A quarter of a century ago, in 1989, a similar motion was introduced by former NDP leader Ed Broadbent to eradicate child poverty by 2000. That motion received unanimous consent in the House. Here we are 25 years later, and not much has changed.

I do not want to make accusations to any of the successive Liberal or Conservative governments for not taking proper actions to eliminate child poverty since the House made the promise and commitment to do so. However, I also cannot keep quiet and pretend that poverty rates among children have improved compared to 25 years ago, or that Canada is poverty-free.

For 25 consecutive years, Canadian children and their families who live in poverty have been left behind and marginalized on the agendas of successive governments. Twenty-five years is a long time. It makes me wonder why almost one million Canadian children are living in poverty today and why successive governments have allowed the rate of poverty to increase compared to 25 years ago. It makes me wonder whether the Liberal and Conservative governments over the last 25 years have felt that the opinions of the impoverished do not matter.

What went wrong? Why was a promise to our country's children broken? If we did not keep the promise to our children, then that is fine; it is perhaps that the governments of the day felt that children do not vote and so they are not a huge priority.

However, how about the promise that Canada made to the rest of the world when we ratified the UN Convention on the Rights of the Child, in 1991? We agreed to uphold international principles, values, and standards. According to article 27.1:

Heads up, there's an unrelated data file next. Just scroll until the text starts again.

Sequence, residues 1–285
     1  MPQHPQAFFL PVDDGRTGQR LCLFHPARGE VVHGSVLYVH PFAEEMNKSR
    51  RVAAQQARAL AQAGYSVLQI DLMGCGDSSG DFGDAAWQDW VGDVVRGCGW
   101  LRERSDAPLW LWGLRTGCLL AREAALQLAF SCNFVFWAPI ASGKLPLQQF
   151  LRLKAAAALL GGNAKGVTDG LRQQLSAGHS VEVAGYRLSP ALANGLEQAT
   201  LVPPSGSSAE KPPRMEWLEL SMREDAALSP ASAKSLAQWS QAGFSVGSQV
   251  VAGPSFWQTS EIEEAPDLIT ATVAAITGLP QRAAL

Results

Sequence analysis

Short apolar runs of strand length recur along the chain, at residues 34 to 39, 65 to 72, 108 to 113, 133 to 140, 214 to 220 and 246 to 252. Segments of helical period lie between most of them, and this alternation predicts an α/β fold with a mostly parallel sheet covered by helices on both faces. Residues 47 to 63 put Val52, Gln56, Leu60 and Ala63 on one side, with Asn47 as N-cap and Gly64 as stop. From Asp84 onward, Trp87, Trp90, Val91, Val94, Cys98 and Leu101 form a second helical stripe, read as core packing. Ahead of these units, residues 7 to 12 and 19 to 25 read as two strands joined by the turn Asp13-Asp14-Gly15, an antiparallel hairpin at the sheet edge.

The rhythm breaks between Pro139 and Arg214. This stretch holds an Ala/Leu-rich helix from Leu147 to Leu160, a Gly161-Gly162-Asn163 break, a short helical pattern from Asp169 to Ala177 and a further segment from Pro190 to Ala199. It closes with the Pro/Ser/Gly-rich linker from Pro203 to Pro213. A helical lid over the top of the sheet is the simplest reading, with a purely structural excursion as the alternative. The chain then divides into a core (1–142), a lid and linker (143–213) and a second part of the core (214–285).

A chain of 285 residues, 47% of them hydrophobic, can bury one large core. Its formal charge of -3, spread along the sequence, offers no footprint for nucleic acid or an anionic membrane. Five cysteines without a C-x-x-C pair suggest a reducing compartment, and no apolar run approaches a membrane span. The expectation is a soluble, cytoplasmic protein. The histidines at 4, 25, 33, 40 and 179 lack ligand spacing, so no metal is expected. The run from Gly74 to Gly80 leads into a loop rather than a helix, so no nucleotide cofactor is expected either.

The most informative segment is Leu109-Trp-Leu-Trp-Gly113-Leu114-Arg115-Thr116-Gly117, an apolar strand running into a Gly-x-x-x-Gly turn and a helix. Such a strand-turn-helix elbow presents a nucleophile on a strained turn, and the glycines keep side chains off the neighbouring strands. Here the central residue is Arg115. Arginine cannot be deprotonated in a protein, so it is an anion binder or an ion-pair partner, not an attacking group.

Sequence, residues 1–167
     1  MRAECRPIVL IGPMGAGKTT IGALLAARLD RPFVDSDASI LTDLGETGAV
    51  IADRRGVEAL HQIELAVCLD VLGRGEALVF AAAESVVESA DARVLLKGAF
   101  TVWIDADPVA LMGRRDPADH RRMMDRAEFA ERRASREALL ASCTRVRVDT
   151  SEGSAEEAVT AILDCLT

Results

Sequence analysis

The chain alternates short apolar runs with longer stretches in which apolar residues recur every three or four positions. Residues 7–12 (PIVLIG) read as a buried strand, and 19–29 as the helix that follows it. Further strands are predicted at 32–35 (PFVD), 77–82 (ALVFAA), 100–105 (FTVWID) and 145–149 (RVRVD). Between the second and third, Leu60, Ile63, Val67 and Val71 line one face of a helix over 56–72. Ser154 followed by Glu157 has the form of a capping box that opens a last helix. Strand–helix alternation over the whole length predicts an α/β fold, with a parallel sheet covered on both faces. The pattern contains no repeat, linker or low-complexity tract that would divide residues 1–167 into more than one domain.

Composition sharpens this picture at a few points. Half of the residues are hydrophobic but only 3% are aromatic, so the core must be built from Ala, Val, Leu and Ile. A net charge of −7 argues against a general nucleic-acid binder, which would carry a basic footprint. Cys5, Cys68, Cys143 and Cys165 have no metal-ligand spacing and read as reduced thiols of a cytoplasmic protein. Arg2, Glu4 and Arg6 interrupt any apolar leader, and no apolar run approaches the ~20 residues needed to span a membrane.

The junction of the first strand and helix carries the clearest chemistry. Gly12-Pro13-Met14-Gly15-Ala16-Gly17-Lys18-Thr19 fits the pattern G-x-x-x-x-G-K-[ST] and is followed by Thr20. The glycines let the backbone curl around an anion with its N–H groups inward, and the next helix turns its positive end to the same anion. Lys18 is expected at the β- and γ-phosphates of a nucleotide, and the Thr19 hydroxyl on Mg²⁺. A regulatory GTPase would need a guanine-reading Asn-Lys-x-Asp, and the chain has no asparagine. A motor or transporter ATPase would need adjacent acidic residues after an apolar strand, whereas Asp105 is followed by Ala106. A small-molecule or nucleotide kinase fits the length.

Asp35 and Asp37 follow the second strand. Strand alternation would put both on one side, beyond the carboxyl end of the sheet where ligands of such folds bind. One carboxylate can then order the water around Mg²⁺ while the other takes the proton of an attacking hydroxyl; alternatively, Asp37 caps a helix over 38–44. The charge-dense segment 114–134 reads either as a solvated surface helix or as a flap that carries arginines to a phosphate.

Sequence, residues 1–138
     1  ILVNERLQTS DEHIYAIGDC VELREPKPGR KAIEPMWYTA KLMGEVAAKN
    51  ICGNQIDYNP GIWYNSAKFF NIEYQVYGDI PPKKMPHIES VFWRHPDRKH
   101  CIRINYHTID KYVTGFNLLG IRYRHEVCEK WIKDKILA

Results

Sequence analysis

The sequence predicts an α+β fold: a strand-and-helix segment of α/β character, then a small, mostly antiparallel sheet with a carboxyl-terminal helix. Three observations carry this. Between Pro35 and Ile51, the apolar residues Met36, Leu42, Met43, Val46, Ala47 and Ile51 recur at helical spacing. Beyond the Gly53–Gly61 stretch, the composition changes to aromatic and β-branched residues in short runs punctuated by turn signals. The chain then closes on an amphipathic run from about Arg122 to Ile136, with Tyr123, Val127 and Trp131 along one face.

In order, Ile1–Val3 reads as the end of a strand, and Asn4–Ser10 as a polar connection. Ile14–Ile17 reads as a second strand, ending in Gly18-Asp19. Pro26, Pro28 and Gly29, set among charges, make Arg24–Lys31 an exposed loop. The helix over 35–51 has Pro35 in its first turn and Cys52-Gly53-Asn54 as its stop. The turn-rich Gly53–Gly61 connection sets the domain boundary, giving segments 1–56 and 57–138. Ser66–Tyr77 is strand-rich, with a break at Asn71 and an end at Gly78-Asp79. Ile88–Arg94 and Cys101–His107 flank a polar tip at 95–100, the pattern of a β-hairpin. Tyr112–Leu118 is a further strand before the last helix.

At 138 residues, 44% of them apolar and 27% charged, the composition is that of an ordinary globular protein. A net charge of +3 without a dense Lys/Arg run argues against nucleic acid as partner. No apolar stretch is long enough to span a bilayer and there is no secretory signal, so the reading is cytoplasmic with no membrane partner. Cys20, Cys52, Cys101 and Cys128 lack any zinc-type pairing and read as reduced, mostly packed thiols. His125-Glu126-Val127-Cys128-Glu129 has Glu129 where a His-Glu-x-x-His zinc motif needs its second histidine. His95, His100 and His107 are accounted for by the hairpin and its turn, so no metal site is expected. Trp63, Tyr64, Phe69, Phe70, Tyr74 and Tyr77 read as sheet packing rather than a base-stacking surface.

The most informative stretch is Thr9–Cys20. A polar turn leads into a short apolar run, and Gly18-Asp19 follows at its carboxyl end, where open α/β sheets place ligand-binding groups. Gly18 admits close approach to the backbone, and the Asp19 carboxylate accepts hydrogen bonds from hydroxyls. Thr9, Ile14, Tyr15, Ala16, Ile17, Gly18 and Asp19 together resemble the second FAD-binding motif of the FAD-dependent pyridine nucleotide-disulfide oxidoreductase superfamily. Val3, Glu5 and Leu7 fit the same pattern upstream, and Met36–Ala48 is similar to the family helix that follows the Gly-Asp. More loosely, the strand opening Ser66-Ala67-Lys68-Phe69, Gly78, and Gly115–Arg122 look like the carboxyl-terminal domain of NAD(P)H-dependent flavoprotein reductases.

States Parties recognize the right of every child to a standard of living adequate for the child's physical, mental, spiritual, moral and social development.

The section then continues and holds states more responsible by obliging them to do the following:

[...] take appropriate measures to assist parents and others responsible for the child to implement this right and shall in case of need provide material assistance and support programmes, particularly with regard to nutrition, clothing and housing.

My motion deals with all of those, but specifically nutrition, housing, and child care.

As a state that is a signatory to the UN Convention on the Rights of the Child, Canada is not meeting its commitment globally today.

This past week, I spent a lot of time with children in our schools in Scarborough, and many of them found it difficult to imagine that there are children and families who go hungry and cannot afford to have their daily meals. The reality is that it is happening right here, in one of the world's richest countries, our great Canada.

In its November 7, 2013 report, Campaign 2000 stated:

Food security among families is highly critical with 1.1 million children experiencing food insecurity, a situation of inadequate or insecure access to food because of financial constraints, and children represent 36% of food bank users in Canada.

According to another recent article by Huffington Post, on November 4, 2014, there are 375,000 people in Ontario who use food banks, of whom 36% are children.

Health Canada's report entitled “Household Food Insecurity in Select Provinces and Territories 2009-2010” showed that Nunavut, in Canada's north, has the highest number of households in Canada that are food insecure, which is 28.8%. That is more than double the number in the Yukon, which holds second place at 11%.

Another question that one might think to ask is what the current government has done to lower the levels of poverty in Canada. When we pose questions in question period, the government says that it has lowered the levels. Let us look at some details.